Over three years ago, Bryan Chavez hugged his mother in an American immigration office, terrified he would never see her again.
“You’re not going to see her again,” the female U.S. immigration officer told Chavez, according to her account. Then the officer turned to his mother Sandra Ortiz. “And you will go to jail.”
Mother and son have been separated. Chavez visited an immigration center in California. Her mother, who failed an initial asylum exam, was deported to Mexico.
They were among the first family separations under the Trump administration, long before family splitting became high-profile US policy. Over a thousand families remain separated, but the long ordeal for Chavez and his mother is finally over.
Tuesday afternoon outside the San Ysidro Port of Entry, the main border crossing point between San Diego from Tijuana, the couple were among the first four families separated by the Trump administration to be reunited under President Biden. Chavez brought a bunch of red, silver and pink balloons for Mother’s Day to make up for the years he couldn’t get her presents.
When he saw her, his hands flew to her face, overcome with emotion. They held onto each other, crying as people brushed past them in the busy border crossing. “I saw her with my own eyes, but I couldn’t believe she was there in front of me,” Chavez said.
The mother-son reunion marks a pivotal moment for the Biden administration, which touts homecoming as a way to further signal a humanitarian approach to immigration – a break from the “cruel” policies of the past administration. Earlier this week, Homeland Security Secretary Alejandro N. Mayorkas said that a task force created by a February decree had “worked day and night” on family reunification and called the meeting of this week “just the start” and said more would follow.
But attorneys and attorneys who have been working on reunification efforts for several years say the administration is dragging its feet and the reunion could have happened sooner. They also criticize the administration for not doing more to finance travel and other necessary costs.
These funds are needed because the Trump administration has kept very little information on deported parents, so lawyers and attorneys in Latin America sometimes have to search on foot and manage radio segments to reach deported parents.
American donors have footed much of the bill so far, said Erika Pinheiro, the litigation director of Al Otro Lado, a nonprofit that represents the family. Pinheiro said she was happy Ortiz was able to reunite with his family, but the Biden administration shouldn’t take so much credit just yet. “The victory lap was definitely premature,” said Pinheiro.
The family’s ordeal began in October 2017, when they sought refuge in the port of San Ysidro after fleeing cartels in Michoacán, Mexico, who killed Ortiz’s husband and tried to recruit Chavez, according to reports. interviews with the family and the lawyers who represented them.
When the two separated, Chavez, 15 at the time, said he was so shocked he said nothing. The mother and son cried and kissed for a while before being torn off. Ortiz couldn’t understand why they were separated. She still remembers the way her son kept his eyes on her as he was escorted.
Many families were separated the following spring as part of the Trump administration’s “zero tolerance” policy that demanded that anyone who crossed the border illegally be prosecuted. But Ortiz and Chavez didn’t cross illegally and were separated under much more nebulous policies that were never officially released. In all, more than 5,000 families have been separated by the Trump administration, according to court records. The parents of more than 400 children have yet to be located by lawyers, according to court records.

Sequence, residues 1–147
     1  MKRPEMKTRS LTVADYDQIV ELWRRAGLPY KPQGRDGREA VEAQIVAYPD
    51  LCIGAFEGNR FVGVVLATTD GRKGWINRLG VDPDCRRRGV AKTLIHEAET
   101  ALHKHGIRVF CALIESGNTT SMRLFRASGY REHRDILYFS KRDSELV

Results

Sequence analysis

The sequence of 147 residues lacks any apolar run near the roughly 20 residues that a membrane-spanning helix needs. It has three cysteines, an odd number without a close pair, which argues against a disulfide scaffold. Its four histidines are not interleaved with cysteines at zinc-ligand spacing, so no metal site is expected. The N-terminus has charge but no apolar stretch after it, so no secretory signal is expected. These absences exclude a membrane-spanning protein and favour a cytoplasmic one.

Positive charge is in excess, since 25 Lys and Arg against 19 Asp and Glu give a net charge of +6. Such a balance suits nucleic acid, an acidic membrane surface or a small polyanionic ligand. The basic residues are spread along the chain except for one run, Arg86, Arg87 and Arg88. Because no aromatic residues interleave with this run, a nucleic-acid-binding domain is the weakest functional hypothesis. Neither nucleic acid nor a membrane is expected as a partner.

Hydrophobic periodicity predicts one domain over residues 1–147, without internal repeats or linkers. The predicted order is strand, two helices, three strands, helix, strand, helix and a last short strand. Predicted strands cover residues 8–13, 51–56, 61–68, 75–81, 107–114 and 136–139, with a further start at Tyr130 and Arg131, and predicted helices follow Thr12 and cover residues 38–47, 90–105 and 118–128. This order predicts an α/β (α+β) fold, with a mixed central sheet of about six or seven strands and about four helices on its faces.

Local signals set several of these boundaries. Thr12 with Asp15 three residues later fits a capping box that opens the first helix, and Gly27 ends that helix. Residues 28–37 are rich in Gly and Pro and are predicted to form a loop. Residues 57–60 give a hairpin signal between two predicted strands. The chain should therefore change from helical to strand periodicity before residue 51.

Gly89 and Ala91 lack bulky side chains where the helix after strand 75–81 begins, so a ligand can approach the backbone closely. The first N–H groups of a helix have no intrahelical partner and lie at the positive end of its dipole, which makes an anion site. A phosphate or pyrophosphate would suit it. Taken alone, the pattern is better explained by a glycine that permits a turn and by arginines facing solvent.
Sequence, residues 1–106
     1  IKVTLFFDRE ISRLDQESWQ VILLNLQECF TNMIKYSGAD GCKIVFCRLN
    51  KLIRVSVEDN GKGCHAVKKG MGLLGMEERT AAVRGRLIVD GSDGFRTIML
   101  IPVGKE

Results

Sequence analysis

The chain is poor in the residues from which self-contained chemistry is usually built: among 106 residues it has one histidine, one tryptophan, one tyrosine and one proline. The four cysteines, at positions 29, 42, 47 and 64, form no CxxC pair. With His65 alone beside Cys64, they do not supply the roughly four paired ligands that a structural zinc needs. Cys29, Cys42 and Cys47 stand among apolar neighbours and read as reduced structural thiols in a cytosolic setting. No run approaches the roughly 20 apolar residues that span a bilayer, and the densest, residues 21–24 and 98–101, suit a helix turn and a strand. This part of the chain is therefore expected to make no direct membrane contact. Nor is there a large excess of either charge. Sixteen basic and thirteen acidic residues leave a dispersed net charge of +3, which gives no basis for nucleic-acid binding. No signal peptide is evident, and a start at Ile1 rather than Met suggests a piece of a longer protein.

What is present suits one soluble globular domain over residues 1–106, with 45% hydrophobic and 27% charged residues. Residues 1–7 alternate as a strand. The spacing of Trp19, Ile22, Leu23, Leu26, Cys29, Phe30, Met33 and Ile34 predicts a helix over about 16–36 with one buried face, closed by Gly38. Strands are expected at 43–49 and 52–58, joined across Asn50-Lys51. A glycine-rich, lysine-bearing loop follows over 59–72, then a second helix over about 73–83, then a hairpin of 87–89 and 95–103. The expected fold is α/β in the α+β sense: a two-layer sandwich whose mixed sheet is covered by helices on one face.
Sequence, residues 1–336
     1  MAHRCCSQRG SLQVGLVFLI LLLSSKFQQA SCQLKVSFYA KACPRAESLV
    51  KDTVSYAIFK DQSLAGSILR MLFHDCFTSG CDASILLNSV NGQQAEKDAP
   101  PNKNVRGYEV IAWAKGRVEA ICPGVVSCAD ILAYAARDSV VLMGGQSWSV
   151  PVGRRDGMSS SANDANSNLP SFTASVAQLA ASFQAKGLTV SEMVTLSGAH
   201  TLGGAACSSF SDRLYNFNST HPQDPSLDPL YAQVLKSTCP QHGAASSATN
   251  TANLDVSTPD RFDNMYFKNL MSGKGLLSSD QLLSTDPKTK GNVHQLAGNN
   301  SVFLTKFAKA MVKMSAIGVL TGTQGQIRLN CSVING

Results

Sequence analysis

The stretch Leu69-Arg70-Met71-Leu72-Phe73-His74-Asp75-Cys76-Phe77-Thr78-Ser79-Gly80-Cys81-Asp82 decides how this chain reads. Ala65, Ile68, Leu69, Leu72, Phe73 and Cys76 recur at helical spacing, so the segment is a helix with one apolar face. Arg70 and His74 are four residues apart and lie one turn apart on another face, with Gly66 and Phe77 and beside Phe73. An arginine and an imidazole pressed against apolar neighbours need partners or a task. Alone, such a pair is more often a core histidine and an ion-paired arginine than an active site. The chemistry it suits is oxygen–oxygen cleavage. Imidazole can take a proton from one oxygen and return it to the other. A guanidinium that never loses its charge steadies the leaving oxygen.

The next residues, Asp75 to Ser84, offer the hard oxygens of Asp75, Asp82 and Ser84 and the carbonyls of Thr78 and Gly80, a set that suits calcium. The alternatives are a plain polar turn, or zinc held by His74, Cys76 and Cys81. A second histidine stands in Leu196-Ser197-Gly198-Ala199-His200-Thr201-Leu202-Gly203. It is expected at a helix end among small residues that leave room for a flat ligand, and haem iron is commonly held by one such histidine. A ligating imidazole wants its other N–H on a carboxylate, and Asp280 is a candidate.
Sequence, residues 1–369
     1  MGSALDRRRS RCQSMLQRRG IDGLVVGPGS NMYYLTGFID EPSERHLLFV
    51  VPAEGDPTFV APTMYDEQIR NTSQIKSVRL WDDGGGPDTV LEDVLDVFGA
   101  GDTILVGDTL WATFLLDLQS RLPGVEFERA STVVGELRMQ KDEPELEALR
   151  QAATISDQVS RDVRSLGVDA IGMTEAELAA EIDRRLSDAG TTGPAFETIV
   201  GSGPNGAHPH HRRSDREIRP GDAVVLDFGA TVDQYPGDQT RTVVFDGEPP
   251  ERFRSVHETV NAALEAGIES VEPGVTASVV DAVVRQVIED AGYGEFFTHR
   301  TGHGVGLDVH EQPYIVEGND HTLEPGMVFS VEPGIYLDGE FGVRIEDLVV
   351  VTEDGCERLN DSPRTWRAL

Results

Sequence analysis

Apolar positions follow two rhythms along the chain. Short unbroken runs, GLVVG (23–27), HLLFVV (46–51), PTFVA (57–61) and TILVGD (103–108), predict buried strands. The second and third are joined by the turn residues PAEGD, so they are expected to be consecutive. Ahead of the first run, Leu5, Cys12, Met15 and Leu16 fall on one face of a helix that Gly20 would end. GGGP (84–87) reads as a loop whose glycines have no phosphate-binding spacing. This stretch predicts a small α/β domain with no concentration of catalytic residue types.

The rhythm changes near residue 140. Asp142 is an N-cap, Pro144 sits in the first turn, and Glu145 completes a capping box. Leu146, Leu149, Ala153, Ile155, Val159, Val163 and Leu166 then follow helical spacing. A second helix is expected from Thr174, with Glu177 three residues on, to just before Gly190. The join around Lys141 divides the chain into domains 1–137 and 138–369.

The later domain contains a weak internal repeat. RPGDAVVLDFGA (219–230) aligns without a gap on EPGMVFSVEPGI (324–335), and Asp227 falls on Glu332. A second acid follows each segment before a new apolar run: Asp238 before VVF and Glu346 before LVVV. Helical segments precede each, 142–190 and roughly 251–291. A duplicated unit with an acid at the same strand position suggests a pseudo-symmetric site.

Ortiz was eventually located in Michoacán, where she worked in the agricultural fields. After being separated from Chavez, she had failed an asylum screening interview which is the gateway to immigration court. Many people fleeing organized crime groups find it difficult to take this step, as the San Diego Union-Tribune found in the case of a young man who was deported to Honduras and killed by those he held. fled.
It took almost two months after their split for Ortiz to finally speak with Chavez by phone, she said.
Her son, after more than a month in an immigration center, had moved into his older brother’s house in Southern California. It was there that he learned that their mother had been deported to Mexico. Ortiz’s exile means that she missed important milestones in her son’s life. She wasn’t there for birthdays. She missed her son’s prom and, most importantly, his high school diploma two years ago.
Chavez will always wish his mother would see his accomplishments. “It was really hard to see all the other kids with moms hugging them. Moms cry and say to their children, “We are so proud of you,” said Chavez.
Meanwhile, Ortiz has watched his son’s life develop from afar, his sense of pride in his successes mixed with sadness and punctuated with tearful phone calls. Each time he would tell her, “I wish you were here.”
What comes next for the family is far from clear. Chavez has a green card, but the legal status of Ortiz, who was allowed to enter the United States on humanitarian parole, has not yet been determined. US officials have not formulated a policy for separated parents who have been allowed to return to the country.
For the near future, his plan is clear. The two are going to eat Chinese food together, one of her son’s favorite dishes and a cherished memory from her childhood.
They will have plenty of time to get to know each other, but it may not be easy. In a way, her boy has changed. Before his trip, he seemed calmer, lacking the joy she remembered from his childhood.
But whatever the future holds, the two agreed it would be better together.